Cherry and Fir Bookcase
Subtle details add elegance to a simple frame-and-panel design
Synopsis: The project plans and step-by-step instructions in this article will lead you through the process of building an attractive and functional bookcase of cherry and fir. Peter Zuerner designed this spare and elegant piece that he now regularly stocks in his furniture shop. He minimized the number of parts with frame-and-panel construction that integrates the four legs. He also explains how to cut cove molding with a router bit and a dado set on the tablesaw. Even when filled with books, this piece of furniture appears light and graceful.
Several years ago, my sister Cicely was looking for a bookcase that would be attractive, functional and reasonably easy to move. The piece I designed and built for her is now one of the stock pieces in my furniture shop. I call it, appropriately, Cicely’s Bookshelf.
I wanted the bookcase to have a spare and elegant look, so I kept the frame parts to a minimum and elevated the piece off the floor by extending the corner posts to create four short legs. All four edges of the top, along with the front edge of each shelf, were given a generously sized cove to create the illusion of thinner stock. As a result, even when the piece is filled with books, it appears light and graceful.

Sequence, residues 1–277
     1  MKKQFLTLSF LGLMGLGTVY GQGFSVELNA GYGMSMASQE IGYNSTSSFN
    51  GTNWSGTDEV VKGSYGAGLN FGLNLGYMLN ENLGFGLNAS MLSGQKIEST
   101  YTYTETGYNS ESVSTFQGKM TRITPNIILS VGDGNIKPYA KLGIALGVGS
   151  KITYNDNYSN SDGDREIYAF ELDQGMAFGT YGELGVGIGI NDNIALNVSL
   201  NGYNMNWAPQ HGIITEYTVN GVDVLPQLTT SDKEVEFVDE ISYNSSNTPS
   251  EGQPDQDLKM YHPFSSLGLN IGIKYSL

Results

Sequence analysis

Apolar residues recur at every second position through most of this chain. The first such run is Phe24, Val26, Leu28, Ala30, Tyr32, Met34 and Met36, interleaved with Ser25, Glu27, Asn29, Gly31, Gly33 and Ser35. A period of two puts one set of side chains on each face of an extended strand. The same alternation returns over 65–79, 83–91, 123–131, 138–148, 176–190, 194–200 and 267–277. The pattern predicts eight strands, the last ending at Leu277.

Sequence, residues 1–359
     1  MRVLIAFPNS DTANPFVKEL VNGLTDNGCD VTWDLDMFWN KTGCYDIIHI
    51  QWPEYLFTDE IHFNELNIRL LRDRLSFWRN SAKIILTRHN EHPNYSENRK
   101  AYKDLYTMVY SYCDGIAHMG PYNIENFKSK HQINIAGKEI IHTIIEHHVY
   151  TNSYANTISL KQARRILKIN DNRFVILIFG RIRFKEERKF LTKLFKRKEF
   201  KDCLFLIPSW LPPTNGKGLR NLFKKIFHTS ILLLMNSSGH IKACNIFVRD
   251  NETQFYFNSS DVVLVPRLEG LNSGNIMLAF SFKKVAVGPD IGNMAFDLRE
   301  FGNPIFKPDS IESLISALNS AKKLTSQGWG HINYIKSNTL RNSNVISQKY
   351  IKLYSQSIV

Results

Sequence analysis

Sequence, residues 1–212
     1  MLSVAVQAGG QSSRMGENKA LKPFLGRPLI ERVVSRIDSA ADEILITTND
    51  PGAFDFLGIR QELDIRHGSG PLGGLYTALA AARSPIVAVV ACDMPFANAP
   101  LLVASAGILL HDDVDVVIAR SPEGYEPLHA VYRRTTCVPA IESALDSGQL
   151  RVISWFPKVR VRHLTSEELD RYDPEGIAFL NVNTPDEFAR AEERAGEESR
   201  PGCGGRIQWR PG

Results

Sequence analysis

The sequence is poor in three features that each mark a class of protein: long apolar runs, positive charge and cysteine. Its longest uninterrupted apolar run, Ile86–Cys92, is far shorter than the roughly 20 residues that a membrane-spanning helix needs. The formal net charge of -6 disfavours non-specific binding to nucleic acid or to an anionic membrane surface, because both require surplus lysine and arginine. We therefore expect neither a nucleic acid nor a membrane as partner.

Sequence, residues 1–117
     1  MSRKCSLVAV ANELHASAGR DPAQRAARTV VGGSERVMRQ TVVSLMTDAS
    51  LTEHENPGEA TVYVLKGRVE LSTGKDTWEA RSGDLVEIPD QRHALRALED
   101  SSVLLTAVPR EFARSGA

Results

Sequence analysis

Choose the wood with care
For me, the first and most important step in any furniture project is the process of selecting the wood. Consistent color and grain are important, and I’m always on the lookout for something interesting. I especially like to incorporate special grain or a natural defect. Not only does an odd grain or a small defect make each piece a bit more unique, it also provides a strong visual connection to the tree from which it evolved. For instance,…
Get the Full-Size Plan
CAD-drawn plans and a cutlist for this project are available in the Fine Woodworking store.